Classroom without walls taking shape


A different educational idea is becoming reality on the Eureka Springs High School campus.

An outdoor classroom will serve students throughout the district, providing a place for messy experiments, nature projects, and other forms of hands-on learning. High School Principal David Gilmore said the classroom should be completed by the end of the school year.

The building will enclose almost 1,000 square feet. Although it has a roof, three large overhead doors allow the south side to open almost completely. Double doors on the two ends add to the outdoor experience. A pavilion would have more of an outdoor feel, but this compromise creates a year-round asset for the school. A deck will take full advantage of the outdoor experience, offering a beautiful view toward Lake Lucerne.    

“Eureka Springs has talked about something like this for a long time,” Gilmore said. He had created a similar project when he taught at Berryville, and this classroom will serve the district in many ways. “It’s good to have a place to do things you just can’t do in a standard classroom,” he said.

Even before the building becomes operational, it is already serving as an educational tool. Carson Mowrey, a junior at ESHS, is interested in architecture. He was able to spend independent study time with Josh Siebert at Modus Studio in Fayetteville. Mowrey submitted a design for the building as an EAST Lab project, and when Gilmore told him that the school planned to use his design, he thought at first that the principal was joking.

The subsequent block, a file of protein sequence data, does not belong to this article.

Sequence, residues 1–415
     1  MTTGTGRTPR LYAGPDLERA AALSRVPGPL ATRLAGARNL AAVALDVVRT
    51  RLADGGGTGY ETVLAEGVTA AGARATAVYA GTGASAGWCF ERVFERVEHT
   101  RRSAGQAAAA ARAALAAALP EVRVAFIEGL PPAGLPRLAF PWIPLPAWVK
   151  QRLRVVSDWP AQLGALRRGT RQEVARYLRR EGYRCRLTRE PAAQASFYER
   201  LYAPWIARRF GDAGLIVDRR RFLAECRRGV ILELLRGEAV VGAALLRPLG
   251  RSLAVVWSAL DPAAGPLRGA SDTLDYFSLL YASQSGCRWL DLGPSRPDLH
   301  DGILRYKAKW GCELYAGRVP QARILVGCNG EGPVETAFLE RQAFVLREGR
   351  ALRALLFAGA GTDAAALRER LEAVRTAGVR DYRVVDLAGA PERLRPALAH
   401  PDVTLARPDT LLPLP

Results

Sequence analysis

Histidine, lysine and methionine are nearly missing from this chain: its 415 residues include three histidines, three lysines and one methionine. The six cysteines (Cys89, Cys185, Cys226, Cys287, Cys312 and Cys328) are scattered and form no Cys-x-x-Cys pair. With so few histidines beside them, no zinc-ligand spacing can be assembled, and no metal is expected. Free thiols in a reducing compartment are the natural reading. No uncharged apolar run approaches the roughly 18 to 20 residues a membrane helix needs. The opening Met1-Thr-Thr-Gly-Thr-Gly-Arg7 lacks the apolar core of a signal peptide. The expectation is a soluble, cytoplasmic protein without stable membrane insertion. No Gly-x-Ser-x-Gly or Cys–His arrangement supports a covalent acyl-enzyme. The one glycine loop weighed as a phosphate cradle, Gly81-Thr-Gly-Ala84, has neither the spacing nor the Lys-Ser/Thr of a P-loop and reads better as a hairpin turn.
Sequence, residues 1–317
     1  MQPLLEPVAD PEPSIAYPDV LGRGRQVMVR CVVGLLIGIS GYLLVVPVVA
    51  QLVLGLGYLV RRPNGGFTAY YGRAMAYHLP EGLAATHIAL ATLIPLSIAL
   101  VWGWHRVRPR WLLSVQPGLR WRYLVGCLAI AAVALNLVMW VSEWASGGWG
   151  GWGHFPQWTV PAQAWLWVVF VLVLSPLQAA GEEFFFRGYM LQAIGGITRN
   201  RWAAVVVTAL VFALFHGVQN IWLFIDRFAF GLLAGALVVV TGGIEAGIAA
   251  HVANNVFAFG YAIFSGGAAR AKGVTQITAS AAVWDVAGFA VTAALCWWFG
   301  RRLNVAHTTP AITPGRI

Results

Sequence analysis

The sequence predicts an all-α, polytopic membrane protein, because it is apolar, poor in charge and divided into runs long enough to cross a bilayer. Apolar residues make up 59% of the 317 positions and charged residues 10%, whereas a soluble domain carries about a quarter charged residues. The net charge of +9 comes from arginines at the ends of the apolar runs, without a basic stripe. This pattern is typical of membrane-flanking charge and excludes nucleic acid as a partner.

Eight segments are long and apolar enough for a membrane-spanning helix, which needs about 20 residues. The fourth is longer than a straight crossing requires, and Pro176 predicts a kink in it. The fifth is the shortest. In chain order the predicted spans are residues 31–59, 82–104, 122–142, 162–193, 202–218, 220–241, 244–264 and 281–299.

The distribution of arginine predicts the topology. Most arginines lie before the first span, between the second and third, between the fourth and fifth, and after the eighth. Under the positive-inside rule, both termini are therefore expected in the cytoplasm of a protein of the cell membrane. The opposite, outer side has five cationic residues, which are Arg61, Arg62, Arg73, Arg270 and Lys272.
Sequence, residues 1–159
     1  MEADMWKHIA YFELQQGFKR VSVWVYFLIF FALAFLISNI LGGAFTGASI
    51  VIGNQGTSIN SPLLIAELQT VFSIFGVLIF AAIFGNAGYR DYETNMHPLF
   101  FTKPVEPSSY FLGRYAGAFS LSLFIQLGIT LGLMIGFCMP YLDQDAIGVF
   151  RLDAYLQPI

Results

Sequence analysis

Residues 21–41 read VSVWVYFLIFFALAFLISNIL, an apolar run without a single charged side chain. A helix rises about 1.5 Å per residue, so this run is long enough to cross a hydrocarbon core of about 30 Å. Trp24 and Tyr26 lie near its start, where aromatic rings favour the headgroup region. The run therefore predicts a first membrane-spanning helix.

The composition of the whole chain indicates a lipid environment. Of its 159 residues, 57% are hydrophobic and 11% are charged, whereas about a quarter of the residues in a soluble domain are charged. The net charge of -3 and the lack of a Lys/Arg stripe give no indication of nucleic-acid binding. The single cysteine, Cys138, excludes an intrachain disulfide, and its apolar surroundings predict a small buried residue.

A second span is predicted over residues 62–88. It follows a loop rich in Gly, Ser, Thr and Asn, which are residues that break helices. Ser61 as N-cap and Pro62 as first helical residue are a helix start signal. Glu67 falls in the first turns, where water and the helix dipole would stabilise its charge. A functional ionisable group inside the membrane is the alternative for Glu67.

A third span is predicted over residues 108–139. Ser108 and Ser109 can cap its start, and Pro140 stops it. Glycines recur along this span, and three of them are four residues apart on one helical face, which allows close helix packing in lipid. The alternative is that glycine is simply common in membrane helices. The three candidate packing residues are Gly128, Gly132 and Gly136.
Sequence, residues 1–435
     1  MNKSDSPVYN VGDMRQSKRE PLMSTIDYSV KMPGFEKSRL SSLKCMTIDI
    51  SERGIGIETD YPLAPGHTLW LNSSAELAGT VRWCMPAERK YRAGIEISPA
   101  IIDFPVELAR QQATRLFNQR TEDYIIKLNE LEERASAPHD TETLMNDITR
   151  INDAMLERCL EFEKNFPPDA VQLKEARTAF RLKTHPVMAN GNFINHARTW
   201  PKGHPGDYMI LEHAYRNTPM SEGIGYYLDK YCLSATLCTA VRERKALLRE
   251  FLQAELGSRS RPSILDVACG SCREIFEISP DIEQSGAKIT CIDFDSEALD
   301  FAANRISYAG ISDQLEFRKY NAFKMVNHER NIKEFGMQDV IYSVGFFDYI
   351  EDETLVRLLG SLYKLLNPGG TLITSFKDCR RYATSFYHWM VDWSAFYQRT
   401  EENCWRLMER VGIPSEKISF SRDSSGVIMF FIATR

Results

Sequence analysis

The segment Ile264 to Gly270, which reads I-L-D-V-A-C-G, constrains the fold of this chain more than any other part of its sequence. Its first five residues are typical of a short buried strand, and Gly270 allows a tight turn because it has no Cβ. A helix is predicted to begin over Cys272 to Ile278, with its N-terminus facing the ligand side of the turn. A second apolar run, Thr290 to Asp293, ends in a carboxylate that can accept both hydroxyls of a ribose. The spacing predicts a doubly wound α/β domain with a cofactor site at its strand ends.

The building trades students who work on the building are “paid” with funds they can accrue toward their state and national skills competitions at the end of the year. The Ag classes have built some raised beds for a butterfly garden, and for growing vegetables.

Gilmore said the outdoor classroom would continue to evolve. Solar energy may power the building next year, and the school may add a weather station. More raised beds will eventually allow individual classes to maintain a bed.

The principal also explained some of the planning that went into this project, and credited a committee which included Skills teacher Jason Hill, Ag teacher Jason McAfee, and EAST Instructor Adam Louderback. “We discussed this last school year and went into the design and planning stage,” he said. “I knew this was the right group to work with to make a project like this possible.” Gilmore also noted the continuing support of Supt. Bryan Pruitt and the school board.